ASUU Blames Labour Minister Ngige For Prolonged Strike

The Academic Staff Union of Universities (ASUU) has insisted that it will not back down on the strike by members of the union across the country, which is currently in its fifth month.

ASUU National President, Professor Emmanuel Osodeke, stated this on Tuesday while briefing reporters in Abuja, the nation’s capital.

Lecturers in government-owned universities embarked on a nationwide strike on February 14 over the adoption of the Integrated Personnel Payroll Information System (IPPIS) of the government as the payment system in the university sector.

They had also decried the poor funding of universities, non-payment of salaries and allowances of some of their colleagues, as well as the inability of the government to pay earned academic allowance to lecturers, among other issues.

Since the industrial action began, several negotiations between the union and the government have ended in deadlock.

Amid outcry over the effect of the industrial action on the nation’s tertiary education sector, various individuals and groups have asked the government to find a lasting solution to the crisis.

In his briefing on Tuesday in the nation’s capital, Professor Osedeke said the Minister of Labour and Employment, Chris Ngige should be blamed for the present situation.

Comrades and compatriots of the Press,

It has become imperative for us in the Academic Staff Union of Universities (ASUU) to update Nigerians and lovers of education everywhere in the world on the status of our ongoing nationwide strike action which began on 14th February 2022. The need for doing so could be traced to two sources. First, as a union of intellectuals that deals with facts and verifiable claims, there is need to put the records straight on our engagements with the government.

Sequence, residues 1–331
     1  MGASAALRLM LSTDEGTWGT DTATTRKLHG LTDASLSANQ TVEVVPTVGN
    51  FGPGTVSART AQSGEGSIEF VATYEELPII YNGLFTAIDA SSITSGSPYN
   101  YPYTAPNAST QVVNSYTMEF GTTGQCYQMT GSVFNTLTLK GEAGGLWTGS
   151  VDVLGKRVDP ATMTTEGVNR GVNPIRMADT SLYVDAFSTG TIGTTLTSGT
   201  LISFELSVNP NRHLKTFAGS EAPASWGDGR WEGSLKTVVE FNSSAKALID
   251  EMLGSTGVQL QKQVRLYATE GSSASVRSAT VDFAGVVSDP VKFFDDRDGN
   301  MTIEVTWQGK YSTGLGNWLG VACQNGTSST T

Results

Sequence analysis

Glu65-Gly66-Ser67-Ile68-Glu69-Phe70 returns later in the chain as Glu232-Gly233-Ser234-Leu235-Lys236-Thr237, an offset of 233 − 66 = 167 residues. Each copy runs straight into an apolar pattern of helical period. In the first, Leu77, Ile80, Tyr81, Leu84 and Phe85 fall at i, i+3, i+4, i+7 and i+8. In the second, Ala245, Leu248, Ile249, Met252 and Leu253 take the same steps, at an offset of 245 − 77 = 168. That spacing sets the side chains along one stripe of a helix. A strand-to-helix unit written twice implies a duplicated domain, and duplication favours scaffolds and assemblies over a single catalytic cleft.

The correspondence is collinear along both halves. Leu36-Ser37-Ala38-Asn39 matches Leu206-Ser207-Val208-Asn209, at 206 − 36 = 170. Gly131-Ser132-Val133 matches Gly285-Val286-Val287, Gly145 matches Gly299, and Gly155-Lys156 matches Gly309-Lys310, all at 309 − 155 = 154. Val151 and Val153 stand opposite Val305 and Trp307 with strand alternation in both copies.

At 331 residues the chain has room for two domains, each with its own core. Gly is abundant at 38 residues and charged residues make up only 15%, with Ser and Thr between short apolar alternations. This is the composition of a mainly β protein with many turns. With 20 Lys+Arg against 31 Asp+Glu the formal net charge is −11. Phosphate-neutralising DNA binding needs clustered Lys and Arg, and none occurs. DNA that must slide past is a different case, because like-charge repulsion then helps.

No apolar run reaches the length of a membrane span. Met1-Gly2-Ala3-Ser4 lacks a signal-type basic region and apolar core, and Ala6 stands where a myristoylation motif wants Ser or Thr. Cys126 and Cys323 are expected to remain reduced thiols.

This need becomes very compelling against the backdrop of the statements recently pushed out from the government quarters. Specifically, there have been insinuations by the Minister of Labour and Employment, Dr. Chris Ngige, that there was no agreement between ASUU and the government; that ASUU sat down to fix its own members’ salaries; and that our Union asked representatives of ministries, departments and agencies (MDAs) to recuse themselves from the negotiations.

Also, it appears that Dr. Ngige has deliberately misrepresented the International Labour Organisation’s (ILO) convention on the collective bargaining agreement and the roles of a conciliator to serve his propagandist interest in this matter.

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